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Sequential processing of merozoite surface proteins during and after erythrocyte invasion by Plasmodium falciparum.

Boyle MJ, Langer C, Chan JA, Hodder AN, Coppel RL, Anders RF, Beeson JG

  • Journal Infection and immunity

  • Published 11 Nov 2013

  • Volume 82

  • ISSUE 3

  • Pagination 924-36

  • DOI 10.1128/IAI.00866-13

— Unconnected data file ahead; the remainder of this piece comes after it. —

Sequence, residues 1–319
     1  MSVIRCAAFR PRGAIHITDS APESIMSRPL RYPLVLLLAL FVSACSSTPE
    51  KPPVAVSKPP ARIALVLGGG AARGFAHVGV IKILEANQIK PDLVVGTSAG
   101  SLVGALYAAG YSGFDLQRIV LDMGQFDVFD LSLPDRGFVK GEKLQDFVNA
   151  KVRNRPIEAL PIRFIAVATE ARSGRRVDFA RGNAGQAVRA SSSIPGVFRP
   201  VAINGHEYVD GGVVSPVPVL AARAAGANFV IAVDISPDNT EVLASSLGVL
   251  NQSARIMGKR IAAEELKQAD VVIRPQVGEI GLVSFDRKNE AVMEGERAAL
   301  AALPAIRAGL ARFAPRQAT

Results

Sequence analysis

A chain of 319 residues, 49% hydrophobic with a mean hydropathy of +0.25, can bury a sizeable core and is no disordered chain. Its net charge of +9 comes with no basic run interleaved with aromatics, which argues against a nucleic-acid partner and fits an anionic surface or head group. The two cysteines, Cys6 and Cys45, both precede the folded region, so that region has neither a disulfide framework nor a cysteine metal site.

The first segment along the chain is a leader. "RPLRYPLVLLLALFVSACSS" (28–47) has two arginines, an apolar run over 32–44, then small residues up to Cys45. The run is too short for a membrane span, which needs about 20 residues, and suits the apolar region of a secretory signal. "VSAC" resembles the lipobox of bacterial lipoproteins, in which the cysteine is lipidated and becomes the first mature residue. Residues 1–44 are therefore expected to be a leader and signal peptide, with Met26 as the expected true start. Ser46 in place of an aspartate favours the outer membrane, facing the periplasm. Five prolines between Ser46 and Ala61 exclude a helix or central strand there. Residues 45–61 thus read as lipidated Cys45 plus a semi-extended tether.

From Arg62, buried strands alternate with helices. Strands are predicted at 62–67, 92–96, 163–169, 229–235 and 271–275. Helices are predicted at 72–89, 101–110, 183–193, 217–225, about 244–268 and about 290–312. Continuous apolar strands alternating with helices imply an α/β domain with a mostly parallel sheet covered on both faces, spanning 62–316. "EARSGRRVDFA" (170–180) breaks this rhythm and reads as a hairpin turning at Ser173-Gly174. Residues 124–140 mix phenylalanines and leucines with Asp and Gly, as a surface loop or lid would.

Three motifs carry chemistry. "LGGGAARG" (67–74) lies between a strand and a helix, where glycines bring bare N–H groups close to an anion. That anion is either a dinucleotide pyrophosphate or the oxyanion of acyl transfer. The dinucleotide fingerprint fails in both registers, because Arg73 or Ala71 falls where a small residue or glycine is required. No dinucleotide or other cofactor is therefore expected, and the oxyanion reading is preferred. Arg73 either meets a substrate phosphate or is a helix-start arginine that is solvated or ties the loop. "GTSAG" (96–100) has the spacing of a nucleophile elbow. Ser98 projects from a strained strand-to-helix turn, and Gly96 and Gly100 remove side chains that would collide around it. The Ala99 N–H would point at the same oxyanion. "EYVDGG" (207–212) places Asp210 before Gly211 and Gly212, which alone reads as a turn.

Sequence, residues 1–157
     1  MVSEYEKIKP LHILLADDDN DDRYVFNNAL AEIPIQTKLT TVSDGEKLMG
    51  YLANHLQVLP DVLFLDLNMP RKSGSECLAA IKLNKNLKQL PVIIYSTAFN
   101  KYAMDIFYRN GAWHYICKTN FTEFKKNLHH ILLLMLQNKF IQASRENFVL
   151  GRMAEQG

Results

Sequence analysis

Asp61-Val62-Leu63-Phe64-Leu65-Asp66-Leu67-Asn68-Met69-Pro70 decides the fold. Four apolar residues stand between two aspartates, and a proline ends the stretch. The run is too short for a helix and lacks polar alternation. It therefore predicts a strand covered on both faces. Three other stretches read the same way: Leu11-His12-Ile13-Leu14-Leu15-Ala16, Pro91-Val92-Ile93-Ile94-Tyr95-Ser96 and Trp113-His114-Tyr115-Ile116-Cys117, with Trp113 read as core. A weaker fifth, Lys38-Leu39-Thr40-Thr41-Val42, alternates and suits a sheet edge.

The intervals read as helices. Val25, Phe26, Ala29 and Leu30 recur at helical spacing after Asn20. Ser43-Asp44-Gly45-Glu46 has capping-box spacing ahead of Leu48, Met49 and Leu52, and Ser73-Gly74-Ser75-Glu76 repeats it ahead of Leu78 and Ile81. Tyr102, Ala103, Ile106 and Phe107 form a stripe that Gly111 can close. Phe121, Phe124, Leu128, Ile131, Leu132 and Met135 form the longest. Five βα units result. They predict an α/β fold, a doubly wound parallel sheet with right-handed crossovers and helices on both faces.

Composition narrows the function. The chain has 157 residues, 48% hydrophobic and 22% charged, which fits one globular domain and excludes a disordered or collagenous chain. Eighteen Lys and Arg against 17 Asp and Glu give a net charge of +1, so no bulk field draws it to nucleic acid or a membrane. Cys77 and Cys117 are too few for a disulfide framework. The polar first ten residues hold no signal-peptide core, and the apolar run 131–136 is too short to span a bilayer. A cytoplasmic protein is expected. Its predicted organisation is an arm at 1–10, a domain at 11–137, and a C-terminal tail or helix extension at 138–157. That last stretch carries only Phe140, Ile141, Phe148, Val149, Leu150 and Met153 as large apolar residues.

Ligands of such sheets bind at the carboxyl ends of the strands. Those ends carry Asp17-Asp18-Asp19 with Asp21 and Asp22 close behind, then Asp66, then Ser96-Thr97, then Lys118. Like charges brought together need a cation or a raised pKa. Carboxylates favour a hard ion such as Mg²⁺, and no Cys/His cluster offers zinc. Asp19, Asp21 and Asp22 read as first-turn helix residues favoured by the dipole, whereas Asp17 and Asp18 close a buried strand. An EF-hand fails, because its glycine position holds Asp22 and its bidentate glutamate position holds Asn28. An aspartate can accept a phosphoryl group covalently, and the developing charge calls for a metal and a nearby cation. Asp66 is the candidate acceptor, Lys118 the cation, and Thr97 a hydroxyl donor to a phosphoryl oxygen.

Plasmodium falciparum causes malaria disease during the asexual blood stages of infection when merozoites invade erythrocytes and replicate. Merozoite surface proteins (MSPs) are proposed to play a role in the initial binding of merozoites to erythrocytes, but precise roles remain undefined. Based on electron microscopy studies of invading Plasmodium merozoites, it is proposed that the majority of MSPs are cleaved and shed from the surface during invasion, perhaps to release receptor-ligand interactions. In this study, we demonstrate that there is not universal cleavage of MSPs during invasion. Instead, there is sequential and coordinated cleavage and shedding of proteins, indicating a diversity of roles for surface proteins during and after invasion. While MSP1 and peripheral surface proteins such as MSP3, MSP7, serine repeat antigen 4 (SERA4), and SERA5 are cleaved and shed at the tight junction between the invading merozoite and erythrocyte, the glycosylphosphatidylinositol (GPI)-anchored proteins MSP2 and MSP4 are carried into the erythrocyte without detectable processing. Following invasion, MSP2 rapidly degrades within 10 min, whereas MSP4 is maintained for hours. This suggests that while some proteins that are shed upon invasion may have roles in initial contact steps, others function during invasion and are then rapidly degraded, whereas others are internalized for roles during intraerythrocytic development. Interestingly, anti-MSP2 antibodies did not inhibit invasion and instead were carried into erythrocytes and maintained for approximately 20 h without inhibiting parasite development. These findings provide new insights into the mechanisms of invasion and knowledge to advance the development of new drugs and vaccines against malaria.